The move mirrors Groupon’s own repositioning.
Daily-deal operator LivingSocial is shifting away from offering time-sensitive promotions, while, at the same time, introducing tools and services merchants can use to monitor and analyze consumers’ responses to campaigns both on and off LivingSocial.
“We have moved from simply being a daily deal company to a real marketing partner for merchants by adding effective and custom solutions to improve their bottom line,” says Tim O’Shaughnessy, LivingSocial CEO.
LivingSocial has increased the prominence of the search box on its site and app, which is increasingly important because it says that over the past three months it has quadrupled the number of deals it offers. While LivingSocial will continue to send e-mails to subscribers’ inboxes, it wants consumers to use the search box to find deals—some of which will not have a time limit.
That mirrors a similar shift by Groupon Inc. to lessen its reliance on e-mail marketing. Groupon says that in the second quarter, direct clicks from e-mails accounted for less than 40% of North American transactions; no previous comparative data was available.
That repositioning dovetails with a Google Inc. redesign of its Gmail inbox that organizes consumers’ e-mails into tabs, including a “promotions” tab that groups together marketers’ e-mails. Some marketers have said the redesign has slowed consumers’ responses to their time-sensitive e-mails.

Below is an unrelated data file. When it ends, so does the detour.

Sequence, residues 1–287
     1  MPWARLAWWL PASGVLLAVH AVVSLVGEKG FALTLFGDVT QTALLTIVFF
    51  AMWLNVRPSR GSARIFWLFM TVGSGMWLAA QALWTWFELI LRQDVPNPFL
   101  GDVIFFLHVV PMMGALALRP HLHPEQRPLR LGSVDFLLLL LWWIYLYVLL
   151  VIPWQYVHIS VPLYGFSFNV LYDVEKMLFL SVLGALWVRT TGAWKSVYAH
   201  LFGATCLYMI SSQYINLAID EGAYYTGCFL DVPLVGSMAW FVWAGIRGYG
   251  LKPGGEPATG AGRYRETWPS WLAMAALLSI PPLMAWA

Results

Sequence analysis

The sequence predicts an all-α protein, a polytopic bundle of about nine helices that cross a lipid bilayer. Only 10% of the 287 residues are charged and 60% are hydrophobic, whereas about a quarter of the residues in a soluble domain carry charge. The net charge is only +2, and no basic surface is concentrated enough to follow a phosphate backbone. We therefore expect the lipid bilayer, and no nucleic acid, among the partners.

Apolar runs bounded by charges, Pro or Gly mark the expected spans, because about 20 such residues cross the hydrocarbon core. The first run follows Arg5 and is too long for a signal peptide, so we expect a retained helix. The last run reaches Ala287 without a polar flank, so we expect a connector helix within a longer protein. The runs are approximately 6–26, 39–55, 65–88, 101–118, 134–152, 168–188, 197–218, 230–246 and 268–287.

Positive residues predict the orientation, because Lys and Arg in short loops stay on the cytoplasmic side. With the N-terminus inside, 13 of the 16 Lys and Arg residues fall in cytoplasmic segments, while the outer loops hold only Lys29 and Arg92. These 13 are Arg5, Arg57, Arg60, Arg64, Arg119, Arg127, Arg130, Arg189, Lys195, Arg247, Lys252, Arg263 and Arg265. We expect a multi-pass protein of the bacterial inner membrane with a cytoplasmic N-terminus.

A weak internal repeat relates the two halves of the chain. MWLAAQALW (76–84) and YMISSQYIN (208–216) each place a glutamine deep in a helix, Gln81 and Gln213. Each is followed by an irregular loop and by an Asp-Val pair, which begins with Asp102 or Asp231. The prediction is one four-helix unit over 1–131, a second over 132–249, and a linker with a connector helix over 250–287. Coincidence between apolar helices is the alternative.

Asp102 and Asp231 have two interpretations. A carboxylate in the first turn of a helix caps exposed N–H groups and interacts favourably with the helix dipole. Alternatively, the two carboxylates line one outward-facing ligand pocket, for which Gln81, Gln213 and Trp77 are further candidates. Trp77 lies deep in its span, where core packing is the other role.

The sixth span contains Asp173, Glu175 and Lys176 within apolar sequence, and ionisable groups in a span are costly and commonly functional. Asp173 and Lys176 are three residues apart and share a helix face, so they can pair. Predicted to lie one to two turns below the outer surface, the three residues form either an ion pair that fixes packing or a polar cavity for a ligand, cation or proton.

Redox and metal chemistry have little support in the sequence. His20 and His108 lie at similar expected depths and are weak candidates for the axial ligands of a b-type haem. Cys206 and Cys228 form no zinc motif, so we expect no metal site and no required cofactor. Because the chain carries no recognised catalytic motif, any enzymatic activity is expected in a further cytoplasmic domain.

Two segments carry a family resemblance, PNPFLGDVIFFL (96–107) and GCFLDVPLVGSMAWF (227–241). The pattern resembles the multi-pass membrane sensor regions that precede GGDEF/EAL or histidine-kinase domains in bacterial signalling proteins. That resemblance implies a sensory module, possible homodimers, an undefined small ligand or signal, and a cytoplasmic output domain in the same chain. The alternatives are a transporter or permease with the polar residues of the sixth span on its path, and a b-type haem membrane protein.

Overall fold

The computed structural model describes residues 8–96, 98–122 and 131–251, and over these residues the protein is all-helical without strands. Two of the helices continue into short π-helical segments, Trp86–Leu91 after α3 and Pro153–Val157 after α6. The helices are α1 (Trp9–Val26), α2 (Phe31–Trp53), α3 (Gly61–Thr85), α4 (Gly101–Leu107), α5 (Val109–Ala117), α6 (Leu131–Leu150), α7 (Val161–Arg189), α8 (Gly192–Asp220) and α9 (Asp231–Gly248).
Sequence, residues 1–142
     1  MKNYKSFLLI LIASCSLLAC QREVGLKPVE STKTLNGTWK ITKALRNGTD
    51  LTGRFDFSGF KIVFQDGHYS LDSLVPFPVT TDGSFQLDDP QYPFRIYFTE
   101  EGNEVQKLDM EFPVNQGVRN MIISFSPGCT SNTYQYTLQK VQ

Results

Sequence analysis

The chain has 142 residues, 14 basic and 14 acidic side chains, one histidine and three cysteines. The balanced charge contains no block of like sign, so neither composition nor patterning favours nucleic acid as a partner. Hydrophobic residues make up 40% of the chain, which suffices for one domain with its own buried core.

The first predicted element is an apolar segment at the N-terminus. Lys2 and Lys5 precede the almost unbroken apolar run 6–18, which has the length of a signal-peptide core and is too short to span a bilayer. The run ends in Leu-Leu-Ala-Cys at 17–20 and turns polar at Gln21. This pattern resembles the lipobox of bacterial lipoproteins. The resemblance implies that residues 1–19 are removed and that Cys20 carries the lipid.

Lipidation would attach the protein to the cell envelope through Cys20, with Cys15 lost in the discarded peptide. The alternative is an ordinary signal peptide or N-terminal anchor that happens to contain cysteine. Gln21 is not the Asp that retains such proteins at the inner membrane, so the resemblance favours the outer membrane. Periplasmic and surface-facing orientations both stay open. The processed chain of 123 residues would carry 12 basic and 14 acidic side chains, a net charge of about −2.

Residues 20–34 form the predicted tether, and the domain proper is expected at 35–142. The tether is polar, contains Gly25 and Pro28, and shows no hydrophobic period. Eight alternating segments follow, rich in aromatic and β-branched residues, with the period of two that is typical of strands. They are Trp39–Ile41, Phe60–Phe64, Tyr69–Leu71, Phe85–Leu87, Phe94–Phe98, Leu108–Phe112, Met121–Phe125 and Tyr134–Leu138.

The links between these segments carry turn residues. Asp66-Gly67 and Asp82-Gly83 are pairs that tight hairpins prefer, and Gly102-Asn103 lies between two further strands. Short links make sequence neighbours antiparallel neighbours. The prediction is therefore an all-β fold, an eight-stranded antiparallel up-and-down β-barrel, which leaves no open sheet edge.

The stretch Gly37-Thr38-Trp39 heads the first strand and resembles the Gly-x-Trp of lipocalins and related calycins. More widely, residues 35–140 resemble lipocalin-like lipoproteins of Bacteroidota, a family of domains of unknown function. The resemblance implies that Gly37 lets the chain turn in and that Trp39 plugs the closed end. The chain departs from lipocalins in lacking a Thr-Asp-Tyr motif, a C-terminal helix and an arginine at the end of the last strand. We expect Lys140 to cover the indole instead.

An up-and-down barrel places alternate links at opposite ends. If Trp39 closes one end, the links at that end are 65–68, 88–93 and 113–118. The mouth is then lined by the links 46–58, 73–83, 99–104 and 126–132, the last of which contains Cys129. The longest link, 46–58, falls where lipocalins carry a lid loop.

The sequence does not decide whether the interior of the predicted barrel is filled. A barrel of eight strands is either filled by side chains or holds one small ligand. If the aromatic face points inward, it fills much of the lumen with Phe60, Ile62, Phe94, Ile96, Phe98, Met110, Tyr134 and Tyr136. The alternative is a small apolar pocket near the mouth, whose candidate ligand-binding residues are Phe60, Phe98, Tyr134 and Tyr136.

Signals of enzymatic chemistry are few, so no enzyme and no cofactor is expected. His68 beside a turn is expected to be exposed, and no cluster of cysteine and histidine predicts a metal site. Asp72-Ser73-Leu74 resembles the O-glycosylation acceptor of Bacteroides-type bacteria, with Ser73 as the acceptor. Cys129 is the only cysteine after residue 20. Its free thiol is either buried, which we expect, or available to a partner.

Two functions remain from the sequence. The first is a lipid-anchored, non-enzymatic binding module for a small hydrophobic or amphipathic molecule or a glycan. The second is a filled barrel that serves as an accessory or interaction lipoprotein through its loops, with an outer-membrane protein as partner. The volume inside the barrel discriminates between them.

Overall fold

LivingSocial has also recently developed a social media manager tool that serves as hub where marketers can monitor their social media campaigns. It has also launched tools to help merchants better monitor their LivingSocial promotions and respond to consumer feedback related to those deals.
The efforts come after the company generated $264 million in revenue in the first half of 2013, up 6.5% from $248 million in the same period a year earlier, according to Amazon.com Inc.’s second quarter filing with the U.S. Securities and Exchange Commission. LivingSocial recorded an $81 million loss in the first half of 2013, Amazon says, compared with a $65 million profit in the first half of 2012. Amazon owns a 31% stake in LivingSocial.
In related news, Groupon today announced it has bought SideTour, a New York-based startup that develops and sells hosted events such as a cocktail-making class led by a well-known bartender. Neither company disclosed the deal’s terms.
“The addition of SideTour’s curated local experiences furthers our vision of Groupon as the go-to place for consumers to find just about anything, anywhere, anytime,” says Greg Rudin, general manager of Groupon’s GrouponLive live events division.
Groupon says that SideTour events, on average, have 12 attendees. SideTour currently operates in Chicago, New York, Philadelphia and Washington, DC, with plans to add several more markets in the next few months.
A Groupon spokesman says Groupon will continue to operate SideTour as a separate entity “for some time.”